Putting Faith to Work Linked to Job Satisfaction.

(H/T PsychCentral)

Regular attendance in a church that stresses faith as a component of work is associated with high job satisfaction and employment commitment.

Baylor University sociologists discovered the influence depends in part on how involved that person is in the congregation, not merely on occasional attendance.

“We already knew that about 60 percent of American adults are affiliated with congregations, but we wanted to delve into whether that carries over from weekend worship services to the work day,” said Jerry Z. Park, Ph.D.

“It turns out it does make some difference in their attitudes at work. That means it has a potential ‘payoff’ not only for employers, but for employees themselves.”

Researchers asked a random sample of full-time employees if they attended a place of worship, and if so, they were then asked whether their congregation emphasized integrating their faith in the workplace through “sacrificial love” to their co-workers, sensing God’s presence at work among others.

What seemed to make the difference, researchers found, was frequent attendance at a church that stressed a merging of faith and work. Simply being at such a congregation — or just attending any church — did not result in greater work satisfaction or dedication.

The study is published in the journal Sociology of Religion.

Researchers’ analysis was based on the National Survey of Work, Entrepreneurship, and Religion, a 2010 Web-based survey of 1,022 fulltime workers. Their findings concentrated on three areas:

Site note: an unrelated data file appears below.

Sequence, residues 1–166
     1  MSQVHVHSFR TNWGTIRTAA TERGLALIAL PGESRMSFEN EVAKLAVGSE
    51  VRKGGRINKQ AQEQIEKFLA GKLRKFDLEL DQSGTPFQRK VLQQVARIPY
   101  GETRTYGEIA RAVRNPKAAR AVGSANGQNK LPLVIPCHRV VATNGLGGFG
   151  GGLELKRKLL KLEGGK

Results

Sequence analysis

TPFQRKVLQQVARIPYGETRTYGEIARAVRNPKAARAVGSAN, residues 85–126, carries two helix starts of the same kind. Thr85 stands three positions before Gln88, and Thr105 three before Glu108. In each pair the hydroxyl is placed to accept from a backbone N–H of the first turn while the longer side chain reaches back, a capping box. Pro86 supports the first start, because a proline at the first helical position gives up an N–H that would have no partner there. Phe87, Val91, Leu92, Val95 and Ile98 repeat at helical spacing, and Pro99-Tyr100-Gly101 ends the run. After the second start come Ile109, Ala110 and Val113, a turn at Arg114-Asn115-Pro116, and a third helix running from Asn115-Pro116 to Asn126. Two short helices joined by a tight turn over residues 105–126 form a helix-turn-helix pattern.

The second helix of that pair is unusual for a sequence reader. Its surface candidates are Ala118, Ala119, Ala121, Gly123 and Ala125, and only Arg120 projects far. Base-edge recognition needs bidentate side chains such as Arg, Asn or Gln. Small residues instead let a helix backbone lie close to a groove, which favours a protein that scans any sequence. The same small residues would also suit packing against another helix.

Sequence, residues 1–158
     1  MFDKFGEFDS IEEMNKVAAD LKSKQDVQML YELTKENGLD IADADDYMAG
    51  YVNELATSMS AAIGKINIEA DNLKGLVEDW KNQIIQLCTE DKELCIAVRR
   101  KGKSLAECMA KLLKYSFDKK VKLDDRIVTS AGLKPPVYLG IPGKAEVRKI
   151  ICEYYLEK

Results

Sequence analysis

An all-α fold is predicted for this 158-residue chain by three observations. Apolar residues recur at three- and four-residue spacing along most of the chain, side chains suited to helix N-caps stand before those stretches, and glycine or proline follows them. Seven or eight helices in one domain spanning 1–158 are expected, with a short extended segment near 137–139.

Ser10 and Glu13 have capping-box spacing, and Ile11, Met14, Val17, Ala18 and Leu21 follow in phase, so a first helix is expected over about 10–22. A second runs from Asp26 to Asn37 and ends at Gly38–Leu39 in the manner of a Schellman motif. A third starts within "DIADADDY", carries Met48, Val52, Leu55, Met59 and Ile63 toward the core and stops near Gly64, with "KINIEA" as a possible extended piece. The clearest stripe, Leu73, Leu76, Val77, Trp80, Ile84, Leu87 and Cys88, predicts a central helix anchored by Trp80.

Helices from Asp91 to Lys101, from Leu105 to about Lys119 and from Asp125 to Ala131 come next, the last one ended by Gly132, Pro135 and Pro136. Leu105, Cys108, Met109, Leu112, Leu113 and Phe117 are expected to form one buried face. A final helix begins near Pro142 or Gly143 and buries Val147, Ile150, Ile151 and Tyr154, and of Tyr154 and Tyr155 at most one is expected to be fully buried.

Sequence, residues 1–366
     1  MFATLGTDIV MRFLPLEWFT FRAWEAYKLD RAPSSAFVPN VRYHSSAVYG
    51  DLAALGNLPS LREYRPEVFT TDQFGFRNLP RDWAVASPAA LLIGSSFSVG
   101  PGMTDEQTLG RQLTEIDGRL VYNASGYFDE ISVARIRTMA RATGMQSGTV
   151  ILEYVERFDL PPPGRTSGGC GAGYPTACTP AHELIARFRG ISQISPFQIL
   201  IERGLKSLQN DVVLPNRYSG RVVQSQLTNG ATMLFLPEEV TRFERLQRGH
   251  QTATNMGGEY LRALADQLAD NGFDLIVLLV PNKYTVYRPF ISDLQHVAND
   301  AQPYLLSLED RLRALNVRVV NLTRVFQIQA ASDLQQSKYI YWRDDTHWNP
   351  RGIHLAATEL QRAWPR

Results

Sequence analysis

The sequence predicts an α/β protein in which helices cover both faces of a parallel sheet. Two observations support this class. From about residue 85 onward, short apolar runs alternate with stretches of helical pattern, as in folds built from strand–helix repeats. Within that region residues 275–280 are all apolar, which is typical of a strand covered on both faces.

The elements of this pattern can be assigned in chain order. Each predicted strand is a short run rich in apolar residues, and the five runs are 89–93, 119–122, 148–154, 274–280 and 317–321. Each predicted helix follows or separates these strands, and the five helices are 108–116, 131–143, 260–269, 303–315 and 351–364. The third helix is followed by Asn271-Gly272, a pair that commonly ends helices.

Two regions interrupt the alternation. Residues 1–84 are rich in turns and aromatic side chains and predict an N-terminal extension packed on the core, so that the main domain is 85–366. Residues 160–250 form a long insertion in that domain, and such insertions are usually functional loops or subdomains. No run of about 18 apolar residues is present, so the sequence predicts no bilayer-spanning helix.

• Job satisfaction: Full-time workers who regularly attend a congregation that emphasizes integrating their faith at work report higher job satisfaction;
  • Job commitment: Full-time workers who regularly attend a congregation that emphasizes integrating their faith at work report higher commitment to their place of employment;
  • Entrepreneurship: People who are actively involved in in congregations that promote integration of faith with work are more likely to describe themselves as entrepreneurial, Park said.

However, attendance seems to impede entrepreneurship — perhaps because time and energy spent in entrepreneurial endeavors leaves less time for church attendance.

“How religion affects job satisfaction, commitment to one’s job and entrepreneurship was measured by researchers using a 15-item Congregational Faith at Work Scale,” Park said.

That scale includes such items as whether respondents

  • sense God’s presence while they work;
  • view their work as having eternal significance;
  • view co-workers as being made in the image of God;
  • believe they should demonstrate “sacrificial love” toward co-workers, and;
  • believe God wants them to develop their abilities and talents at work.

Workplace attitudes such as job commitment also were evaluated by a variety of items that asked how much participants felt like “part of the family” at their organization, how efficiently they get proposed actions through “bureaucratic red tape” and whether they “went to bat” for good ideas of co-workers.

Max Weber, an early social theorist, argued that Protestants who lived strict, simple lives — such as the Calvinists of the 16th and 17th centuries — viewed their worldly employment as service to God, so religion added significance to labor. Success in business was viewed as confirmation of salvation.

“Religious participation is an active part of life for millions of Americans, and it is relevant in other domains,” the study concluded.

Source: Baylor University